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Intraocular lens surgery cost

What is an IOL for Cataract Surgery?

Intraocular lenses are type of replacement lens used in cataract surgery which improve vision by replacing the eye’s natural lens with an artificial lens. IOLs can also treat Presbyopia – a naturally occurring condition for those over 40 which causes the regression of near distance vision.

What is the difference between ICL and IOL?

ICLs and IOLs serve different functions.

IOLs replace the cloudy, crystaline lens which forms during a cataract. The IOL allows patients to see see clearly after the cataract has been removed.

ICLs (implantable collamer lens) are used to improve vision for patients who do not have cataracts. The ICL replaces the eyes natural lens and can improve eyesight for those with myopia, hyperopia and hyperopia with astigmatism.

Condition IOLs treat ICLs treat
Catracts x
Presbyopia x
Myopia   x
Hyperopia (farsightedness)   x
Hyperopia with astigmatism   x

Types of Intraocular lens

  • Monofocal – This is the standard lens used to replace the hard, cloudy lens that forms on the eye during cataract. During the procedure the cloudy lens is removed and replaced with an artificial lens to restore clear vision. Monofocal lenses are set at a single focus, usually for distance vision, this means you will likely have to wear glasses for mid distance and near distance vision even after surgery.
  • Accommodating – The accommodating lens, such as the Crystalens™, is placed beneath the cornea once a cataract is removed. This lens is attached to the cilliary muscles of the eye allowing it to move in a similar way to the eye’s natural lens. A versatile option, the accommodating lens allows you to focus at various distances but you may still require reading glasses for near distance vision.
  • Multifocal – The multifocal lens has multiple focussing zones, much like multifocal glasses or contact lenses. Because the lens is placed within the eye your brain quickly adapts to the various focussing zones, providing complete freedom from glasses at all distances.
  • Phakic IOL: Phakic IOLs are not used in cataract surgery. Known as a posterior chamber IOL they are positioned behind the iris and in front of the natural lens to treat myopia (shortsightedness). Phakic IOLs are considered a more reliable choice than LASIK for the right patient. If you have suffered from cataract you will not be eligible for phakic IOLs.

How much does intraocular lens surgery cost?

Type of IOL Cost
Monofocal IOL From £1795 per eye
Multifocal IOL From £2095 per eye
Accommodating From £2095 per eye
Phakic IOL From £2295 per eye

The price of intraocular lenses can vary based on the technology and focussing power of the lens.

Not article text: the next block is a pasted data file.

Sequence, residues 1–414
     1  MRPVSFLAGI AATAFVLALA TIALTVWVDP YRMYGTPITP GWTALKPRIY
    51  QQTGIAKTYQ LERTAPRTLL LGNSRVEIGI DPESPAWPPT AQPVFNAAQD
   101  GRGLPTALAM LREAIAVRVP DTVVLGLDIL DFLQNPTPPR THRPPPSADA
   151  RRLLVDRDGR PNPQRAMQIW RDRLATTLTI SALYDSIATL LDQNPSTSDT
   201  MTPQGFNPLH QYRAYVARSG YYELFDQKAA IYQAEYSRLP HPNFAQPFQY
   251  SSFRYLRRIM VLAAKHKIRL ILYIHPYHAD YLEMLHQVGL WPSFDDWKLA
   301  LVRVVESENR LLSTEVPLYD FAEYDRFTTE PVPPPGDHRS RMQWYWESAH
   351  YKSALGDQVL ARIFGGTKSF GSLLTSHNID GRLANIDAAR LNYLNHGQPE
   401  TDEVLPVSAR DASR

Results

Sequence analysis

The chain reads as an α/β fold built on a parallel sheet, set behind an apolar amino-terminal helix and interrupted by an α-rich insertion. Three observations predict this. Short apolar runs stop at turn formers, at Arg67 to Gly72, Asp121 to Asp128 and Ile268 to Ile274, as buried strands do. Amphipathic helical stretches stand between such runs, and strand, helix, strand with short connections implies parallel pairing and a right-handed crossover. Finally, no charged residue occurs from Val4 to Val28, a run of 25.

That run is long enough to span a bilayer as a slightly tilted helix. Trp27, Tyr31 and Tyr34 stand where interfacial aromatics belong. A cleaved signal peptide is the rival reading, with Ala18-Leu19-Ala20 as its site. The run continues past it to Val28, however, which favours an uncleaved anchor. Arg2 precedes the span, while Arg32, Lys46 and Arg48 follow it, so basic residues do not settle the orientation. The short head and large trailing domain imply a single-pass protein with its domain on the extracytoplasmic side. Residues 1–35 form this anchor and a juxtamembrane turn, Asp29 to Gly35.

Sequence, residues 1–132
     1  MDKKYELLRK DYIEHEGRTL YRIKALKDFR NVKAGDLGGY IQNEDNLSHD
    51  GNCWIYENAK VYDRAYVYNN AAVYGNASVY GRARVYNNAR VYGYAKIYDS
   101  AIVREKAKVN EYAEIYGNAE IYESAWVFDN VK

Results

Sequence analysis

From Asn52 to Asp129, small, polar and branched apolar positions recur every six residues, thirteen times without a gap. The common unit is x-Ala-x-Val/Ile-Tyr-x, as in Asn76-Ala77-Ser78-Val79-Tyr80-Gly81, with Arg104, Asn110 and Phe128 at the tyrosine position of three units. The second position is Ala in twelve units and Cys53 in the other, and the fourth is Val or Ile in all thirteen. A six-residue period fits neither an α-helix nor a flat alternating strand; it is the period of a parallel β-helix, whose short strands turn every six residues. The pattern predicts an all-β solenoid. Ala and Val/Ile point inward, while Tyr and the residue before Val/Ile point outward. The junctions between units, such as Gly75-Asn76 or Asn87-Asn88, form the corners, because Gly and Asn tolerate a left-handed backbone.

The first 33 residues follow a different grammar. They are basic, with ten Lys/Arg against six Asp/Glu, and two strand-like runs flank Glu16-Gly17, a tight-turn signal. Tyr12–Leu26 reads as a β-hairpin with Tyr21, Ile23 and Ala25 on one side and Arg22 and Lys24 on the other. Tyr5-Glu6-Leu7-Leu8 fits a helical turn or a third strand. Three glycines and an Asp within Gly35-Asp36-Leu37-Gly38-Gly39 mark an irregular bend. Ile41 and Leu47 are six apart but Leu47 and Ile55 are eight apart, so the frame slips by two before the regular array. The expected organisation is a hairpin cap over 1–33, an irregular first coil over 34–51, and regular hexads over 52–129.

As a general rule the more expensive the lens the less dependent you will be on glasses or contact lenses. It is worth considering that your surgeon will be able to determine the best lens to suit your needs.

Can IOLs treat myopia?

Myopia (shortsightedness) is common problem for many patients and while most types of IOL would be unsuitable for treating myopia there is a solution: Since 2010 Phakic IOLs have been used to correct myopia for those who are not eligible for laser eye surgery.

The types of Phakic IOL that can correct myopia are:

  • Visian ICL
  • Verisyse

Phakic IOL is a type of ICL and cannot be implanted after cataract due to the weakening of the eye after cataract surgery.

How long do intraocular lenses last?

Intraocular lenses are intended to be a permanent solution to correct vision and should last a lifetime. They are made of acrylic, plastic or silicone which does not deteriorate. However, as your prescription changes with age you may find that over time the IOL becomes slightly less effective.

Intraocular lens complications

Like all medical procedures IOL surgery is not entirely risk free. A small number of patients may experience complications such as:

  • Aftercataract (Posterior capsular opacification). A cloudy part of the lens that remains after cataract surgery. This can be removed with laser surgery.
  • Glare
  • Retinal Detachment
  • Glaucoma
  • Astigmatism
  • Dislocated or decentred intraocular lens

Can an intraocular lens be removed and replaced?

Some patients may wish to change their prescription or ‘upgrade’ to newer technology but due the associated risk it is unlikely that a surgeon would be willing to replace the lens. Once an IOL has been put in place the eye naturally becomes weaker and less stable which could lead to further complications if the lens were to be replaced in an elective procedure.

If the lens is causing problems which could lead to loss of vision the lens can be removed. This may happen if the patient develops glaucoma or inflammation of the eye.

What is the recovery time for IOL surgery?

The recovery time for IOL surgery varies from patient to patient but you should expect to have clear vision within a few hours of leaving the clinic. After two weeks your vision will have become sharper and within a month you will have optimal vision. Once your vision has stabilised fully you will have an appointment with an optometrist and will be given a final prescription.

Intraocular lenses vs LASIK

LASIK (laser-assisted in situ keratomileusis), commonly known as laser eye surgery, corrects common refractive errors such as myopia, hyperopia and astigmatism whereas IOLs are a treatment for cataracts.

Phakic IOLs, such as Visian ICL, can treat high myopia and where the patient is not suited to the LASIK due to thin corneas.

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